Making a FOIA Request

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The FOIA Process

Making a FOIA Request

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Pre-determination communications

Pre-determination agency actions

Determinations

Releasing Records

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Administrative Appeals and/or OGIS

Litigation

Introduction

Submitting a request is the first step in gaining access to agency records under FOIA.

There are several issues to consider when making a FOIA request, including procedural requirements set out by the statute and the agency, and the specificity of the request.

Identity of the Requester

A FOIA request may be made by “any person.”[1] This means that all U.S. citizens, as well as foreign nationals, can use the Act to request information from government agencies. A request can also be made in the name of a corporation, partnership or other entity, such as a public interest group or news organization.

However, agencies that are part of the Intelligence Community are prohibited from providing records to: "(i) any government entity, other than a State, territory, commonwealth, or district of the United States, or any subdivision thereof; or (ii) a representative of a government entity described in clause (i)."[2]

Procedural requirements

FOIA states that "each agency, upon any request for records which (i) reasonably describes such records and (ii) is made in accordance with published rules stating the time, place, fees (if any), and procedures to be followed, shall make the records promptly available to any person."[3]

Contents of a request

Specifying the records

FOIA requires that requested records be “reasonably describe[d].”[4] As one court has said, a request meets this requirement if “the agency is able to determine precisely what records are being requested.”[5] As another put it, the standard is met when it allows “a professional employee of the agency who [is] familiar with the subject area of the request to locate the record with a reasonable amount of effort.”[6]

“Broad, sweeping requests lacking specificity”[7] should also be avoided, because agencies are not required to fulfill them when they are not “able to determine precisely what records are being requested.”[8] For example, in a case where a requester sought “any and all documents, including but not limited to files, that refer or relate in any way to [the requester],” the court found the request to be too broad because the agency could not locate with reasonable effort the specific documents requested.[9] In another case, a “blanket request for all unpublished manuscript decisions” of the patent office was considered “sweeping and indiscriminate” where more than a million documents might have been responsive records.[10] A request for all documents about an individual requester is often considered too broad.[11]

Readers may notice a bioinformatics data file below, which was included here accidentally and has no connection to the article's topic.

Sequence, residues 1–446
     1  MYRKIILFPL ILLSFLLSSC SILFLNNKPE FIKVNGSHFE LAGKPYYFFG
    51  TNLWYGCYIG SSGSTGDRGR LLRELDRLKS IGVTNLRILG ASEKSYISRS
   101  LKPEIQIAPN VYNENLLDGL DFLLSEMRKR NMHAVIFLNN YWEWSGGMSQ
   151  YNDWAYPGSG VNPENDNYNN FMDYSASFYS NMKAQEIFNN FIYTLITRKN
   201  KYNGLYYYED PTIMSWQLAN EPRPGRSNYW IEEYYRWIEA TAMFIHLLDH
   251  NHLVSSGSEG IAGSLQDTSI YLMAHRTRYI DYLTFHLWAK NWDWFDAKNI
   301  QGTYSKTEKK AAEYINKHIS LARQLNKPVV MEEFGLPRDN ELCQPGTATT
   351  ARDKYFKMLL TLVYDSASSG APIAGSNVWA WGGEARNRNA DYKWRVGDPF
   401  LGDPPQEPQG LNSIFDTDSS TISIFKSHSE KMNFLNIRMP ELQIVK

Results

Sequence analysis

A request must be written so that employees of the agency will be able to identify responsive records, not “questions disguised as a FOIA request”[12] or requests that appear to be “a general fishing expedition for answers to questions.”[13]

Requests for Fees and Fee Waivers

For more information, see Fee Categories and Fee Waivers

A requester may wish to include information identifying what fee category they fit into, and/or a request for a waiver of fees.

Expedited Processing

For more information, see Expedited Processing

A requester may wish to ask for expedited processing of their FOIA request.

Sample requests and suggested language

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Submitting the request

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Recent district court cases on making FOIA requests

Recent district court cases regarding this topic from TRAC's FOIA Project. Visit their issue search page for more options.

See Also

External Links

References

  1. 5 U.S.C. § 552(a)(3)(A)
  2. 5 U.S.C. § 552(a)(3)(E)
  3. 5 U.S.C. § 552(a)(3)(A)
  4. 5 U.S.C. § 552(a)(3)(A).
  5. Kowalczyk v. Dep’t. of Justice, 73 F.3d 386, 388 (D.C. Cir. 1996) (quoting Yeager v. Drug Enforcement Admin., 678 F.2d 315, 326 (D.C. Cir. 1982)).
  6. Truitt v. Dep’t of State, 897 F.2d 540, 545 n. 36 (D.C. Cir. 1990) (quoting H.R. Rep. No. 93-876, 93d Cong., 2d Sess. at 6 (1974), reprinted in 1974 U.S.C.C.A.N. 6267, 6271)).
  7. Dale v. Internal Revenue Serv., 238 F. Supp.2d 99, 104 (D.D.C. 2002).
  8. Id. (quoting Tax Analysts v. IRS, 117 F.3d 607, 610 (D.C. Cir. 1997)) (internal quotation marks omitted).
  9. Dale, 238 F.Supp.2d at 104
  10. Irons v. Schuyler, 465 F.2d 608, 609-12 (D.C. Cir. 1972).
  11. Dale, 238 F.Supp. 2d at 104.
  12. Hudgins v. Internal Revenue Serv., 620 F. Supp. 19, 21 (D.D.C. 1985).
  13. Id. at 22.